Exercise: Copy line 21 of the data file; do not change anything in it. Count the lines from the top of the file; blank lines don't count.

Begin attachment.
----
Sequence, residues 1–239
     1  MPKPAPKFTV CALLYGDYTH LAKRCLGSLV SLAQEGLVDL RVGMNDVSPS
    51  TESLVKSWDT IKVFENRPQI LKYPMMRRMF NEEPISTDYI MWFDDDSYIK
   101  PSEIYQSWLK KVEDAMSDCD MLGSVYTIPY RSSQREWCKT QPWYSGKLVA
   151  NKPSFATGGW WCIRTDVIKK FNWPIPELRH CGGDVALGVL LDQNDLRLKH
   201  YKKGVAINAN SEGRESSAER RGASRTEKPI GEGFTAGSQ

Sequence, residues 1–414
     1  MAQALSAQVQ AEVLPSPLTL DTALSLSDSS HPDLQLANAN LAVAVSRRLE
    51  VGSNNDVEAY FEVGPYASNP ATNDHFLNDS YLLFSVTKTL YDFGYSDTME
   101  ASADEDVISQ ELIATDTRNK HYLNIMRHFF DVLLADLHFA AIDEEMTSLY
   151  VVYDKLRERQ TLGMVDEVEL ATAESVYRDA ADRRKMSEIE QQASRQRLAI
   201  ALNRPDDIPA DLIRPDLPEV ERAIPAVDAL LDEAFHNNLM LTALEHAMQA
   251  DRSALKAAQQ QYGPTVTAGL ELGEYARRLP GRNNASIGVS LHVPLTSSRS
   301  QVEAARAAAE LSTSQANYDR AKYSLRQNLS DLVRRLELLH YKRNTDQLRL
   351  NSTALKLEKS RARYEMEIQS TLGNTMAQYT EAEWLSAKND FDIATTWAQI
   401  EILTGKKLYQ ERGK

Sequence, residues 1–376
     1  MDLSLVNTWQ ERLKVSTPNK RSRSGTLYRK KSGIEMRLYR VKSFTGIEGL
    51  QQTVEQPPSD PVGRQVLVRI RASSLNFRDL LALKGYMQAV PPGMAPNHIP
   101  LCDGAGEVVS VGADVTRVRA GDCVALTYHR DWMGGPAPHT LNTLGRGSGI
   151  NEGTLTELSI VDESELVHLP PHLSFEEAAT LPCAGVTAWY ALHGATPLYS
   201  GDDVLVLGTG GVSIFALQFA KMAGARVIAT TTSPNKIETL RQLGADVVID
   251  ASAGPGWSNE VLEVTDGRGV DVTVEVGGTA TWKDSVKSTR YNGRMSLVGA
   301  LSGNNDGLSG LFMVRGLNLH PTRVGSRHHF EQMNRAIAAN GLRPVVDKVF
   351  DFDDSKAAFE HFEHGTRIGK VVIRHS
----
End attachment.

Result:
   151  NEGTLTELSI VDESELVHLP PHLSFEEAAT LPCAGVTAWY ALHGATPLYS